NewsLocal News


Former Bountiful Brave gets 'sheep' reply from mayor over school mascot change

Posted at 8:58 PM, Jul 06, 2020
and last updated 2020-07-07 17:51:57-04

BOUNTIFUL, Utah — A Bountiful High School alumna wants to start a conversation about the school's mascot being changed from "Braves."

Mallory Rogers and her friend MyKala have been emailing local Davis School District board members, Bountiful High School administration and Bountiful City leaders.

“I’m an alumnus of Bountiful High School and the mascot there is the Braves, so I saw that and it made me take a step back and take stock," said Rogers as she reflected on her traditions as a student at BHS — where she says students wore face-paint and headdresses at most athletic events. “Ultimately, it’s not my place ... to speak on behalf of native people, and I’m not trying to. I’m coming from a place where I’m a Bountiful High alumnus who is becoming uncomfortable with the racial implications and ramifications of having native American imagery as a mascot.”

Aside from a handful of emails and a newly started petition, the pair have been trying to get the conversation starting with the right people to make the decision.

“I got a response from the superintendent, I got a response from the president of the school board, and I got a response from the assistant principal from Bountiful High School, and all of those responses are exactly what you would expect," said Rogers.

But a response from Bountiful City Mayor Randy Lewis was unique compared to the others.

“This is the mayor. Are you an indigenous person? Are you their official spokesman? If you are not an official representative critic of the Braves ... do you have evidence that the indigenous people are offended by Bountiful High?” Rogers said, reading the email reply out loud. “This sounds a lot like sheep mentality that follows the BLM movement.”

Rogers says she was taken back by the reply and didn't respond right away. Days later, she's still processing the response.

“I was shocked at the disrespect and I felt completely written off. I thought I was bringing up a valid concern, a discussion that should be had, and I was told that I was buying into sheep mentality and I shouldn’t be so easily offended," Rogers said. “I was hurt — I felt like he was questioning my intelligence, questioning my ability to think for myself. Just hurt and disappointed.”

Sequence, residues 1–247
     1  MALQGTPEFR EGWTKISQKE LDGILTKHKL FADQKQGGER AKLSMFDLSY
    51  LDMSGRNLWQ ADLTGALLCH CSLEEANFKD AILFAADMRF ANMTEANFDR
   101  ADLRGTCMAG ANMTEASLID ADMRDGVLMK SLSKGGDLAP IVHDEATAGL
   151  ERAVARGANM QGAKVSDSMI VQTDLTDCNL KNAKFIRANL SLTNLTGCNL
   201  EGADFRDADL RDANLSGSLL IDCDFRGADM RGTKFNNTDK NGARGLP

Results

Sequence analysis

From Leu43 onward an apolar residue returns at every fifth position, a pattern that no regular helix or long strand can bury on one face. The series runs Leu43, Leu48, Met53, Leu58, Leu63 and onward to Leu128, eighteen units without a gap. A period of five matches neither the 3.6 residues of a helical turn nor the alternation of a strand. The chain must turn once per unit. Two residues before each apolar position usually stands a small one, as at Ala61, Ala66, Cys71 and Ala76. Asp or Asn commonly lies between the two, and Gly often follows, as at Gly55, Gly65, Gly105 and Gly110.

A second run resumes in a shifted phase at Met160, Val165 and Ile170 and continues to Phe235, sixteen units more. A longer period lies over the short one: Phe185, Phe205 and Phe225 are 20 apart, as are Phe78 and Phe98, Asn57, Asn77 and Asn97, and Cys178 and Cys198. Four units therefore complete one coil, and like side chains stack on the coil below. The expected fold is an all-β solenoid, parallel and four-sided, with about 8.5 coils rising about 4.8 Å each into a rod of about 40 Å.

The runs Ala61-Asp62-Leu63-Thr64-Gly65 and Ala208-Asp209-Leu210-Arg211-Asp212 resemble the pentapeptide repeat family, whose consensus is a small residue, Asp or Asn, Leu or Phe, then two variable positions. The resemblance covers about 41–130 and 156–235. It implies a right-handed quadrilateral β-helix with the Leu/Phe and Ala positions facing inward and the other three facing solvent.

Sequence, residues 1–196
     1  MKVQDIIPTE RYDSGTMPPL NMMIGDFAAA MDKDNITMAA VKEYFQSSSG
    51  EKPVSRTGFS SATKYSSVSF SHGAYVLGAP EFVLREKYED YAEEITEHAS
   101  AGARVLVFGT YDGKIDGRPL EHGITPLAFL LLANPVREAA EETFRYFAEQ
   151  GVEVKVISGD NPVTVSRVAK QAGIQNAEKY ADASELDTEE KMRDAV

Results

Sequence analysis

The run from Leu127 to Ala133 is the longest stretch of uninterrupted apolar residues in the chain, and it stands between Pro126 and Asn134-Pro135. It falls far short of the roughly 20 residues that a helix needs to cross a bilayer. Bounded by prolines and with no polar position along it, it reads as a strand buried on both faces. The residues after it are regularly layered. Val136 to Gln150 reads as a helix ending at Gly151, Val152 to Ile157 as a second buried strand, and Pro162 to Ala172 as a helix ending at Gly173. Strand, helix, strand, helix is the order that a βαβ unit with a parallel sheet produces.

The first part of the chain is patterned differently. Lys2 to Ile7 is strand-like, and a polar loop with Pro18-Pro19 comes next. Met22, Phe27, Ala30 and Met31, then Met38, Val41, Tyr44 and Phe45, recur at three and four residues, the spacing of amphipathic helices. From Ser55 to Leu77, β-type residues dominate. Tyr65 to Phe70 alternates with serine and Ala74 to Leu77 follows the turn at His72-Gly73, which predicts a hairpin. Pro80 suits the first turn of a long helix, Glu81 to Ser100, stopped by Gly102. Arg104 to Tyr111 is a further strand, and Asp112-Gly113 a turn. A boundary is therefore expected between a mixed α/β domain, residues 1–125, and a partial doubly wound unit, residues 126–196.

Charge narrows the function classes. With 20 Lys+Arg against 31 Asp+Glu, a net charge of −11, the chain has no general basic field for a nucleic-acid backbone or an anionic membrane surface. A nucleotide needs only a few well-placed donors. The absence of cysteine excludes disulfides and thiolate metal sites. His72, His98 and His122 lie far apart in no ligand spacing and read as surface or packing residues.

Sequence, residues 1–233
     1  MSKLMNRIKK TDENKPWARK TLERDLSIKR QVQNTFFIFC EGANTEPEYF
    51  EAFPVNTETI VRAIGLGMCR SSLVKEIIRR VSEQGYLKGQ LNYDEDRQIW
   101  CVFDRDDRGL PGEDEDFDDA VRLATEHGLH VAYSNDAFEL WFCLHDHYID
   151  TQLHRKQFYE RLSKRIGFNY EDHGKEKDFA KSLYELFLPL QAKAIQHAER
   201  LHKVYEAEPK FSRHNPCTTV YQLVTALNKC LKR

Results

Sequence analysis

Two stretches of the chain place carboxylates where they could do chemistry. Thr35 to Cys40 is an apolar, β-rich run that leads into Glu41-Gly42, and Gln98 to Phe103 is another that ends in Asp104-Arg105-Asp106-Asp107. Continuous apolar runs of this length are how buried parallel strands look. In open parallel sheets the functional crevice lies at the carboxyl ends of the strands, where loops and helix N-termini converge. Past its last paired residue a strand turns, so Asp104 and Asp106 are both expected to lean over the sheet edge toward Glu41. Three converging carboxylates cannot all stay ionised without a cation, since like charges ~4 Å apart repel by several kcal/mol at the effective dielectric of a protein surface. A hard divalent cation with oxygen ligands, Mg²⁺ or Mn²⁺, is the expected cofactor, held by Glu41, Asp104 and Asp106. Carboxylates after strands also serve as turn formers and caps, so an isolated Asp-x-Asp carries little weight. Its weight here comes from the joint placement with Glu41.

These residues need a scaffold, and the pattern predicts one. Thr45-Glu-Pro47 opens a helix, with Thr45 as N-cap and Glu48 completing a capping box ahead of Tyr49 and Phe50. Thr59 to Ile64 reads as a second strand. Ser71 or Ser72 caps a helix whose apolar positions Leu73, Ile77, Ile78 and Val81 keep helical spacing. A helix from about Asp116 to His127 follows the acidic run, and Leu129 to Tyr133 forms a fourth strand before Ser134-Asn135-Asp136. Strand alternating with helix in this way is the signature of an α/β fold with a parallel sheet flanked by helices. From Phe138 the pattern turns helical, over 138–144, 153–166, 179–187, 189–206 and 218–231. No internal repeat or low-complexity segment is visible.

Mayor Lewis couldn't be reached for comment via phone or email on Monday afternoon. Bountiful City Manager Gary Hill says he is aware of Rogers' post on social media and cannot speak for individual elected officials, but spoke to FOX 13 on behalf of the City of Bountiful.

“You know, right now as a society we have a pretty unique opportunity to review names, culture, behaviors that are potentially offensive, and Bountiful’s very open to those conversations," said Hill. “I think at this point in time it’s important that everyone be open to different viewpoints.”

Rogers says she doesn't intend to finish the conversation alone but rather start it with help from those who support her. If it doesn't warrant change of the mascot, she hopes some of the cultural imitations performed by students at school events are brought into question.

“If native people get involved in the discussion and say this isn’t a problem, then it’s not a problem. But how can we have that conversation if we don’t start that discussion?” she said.

To learn more about Rogers' push for conversation regarding the Braves mascot and cultural change at Bountiful High School, her petition to Davis School District Board of Education President John Robison can be found online at

The Utah League of Native American Voters released a statement Tuesday, saying they support eliminating Native mascots from schools, including the Bountiful Braves. It can be read here: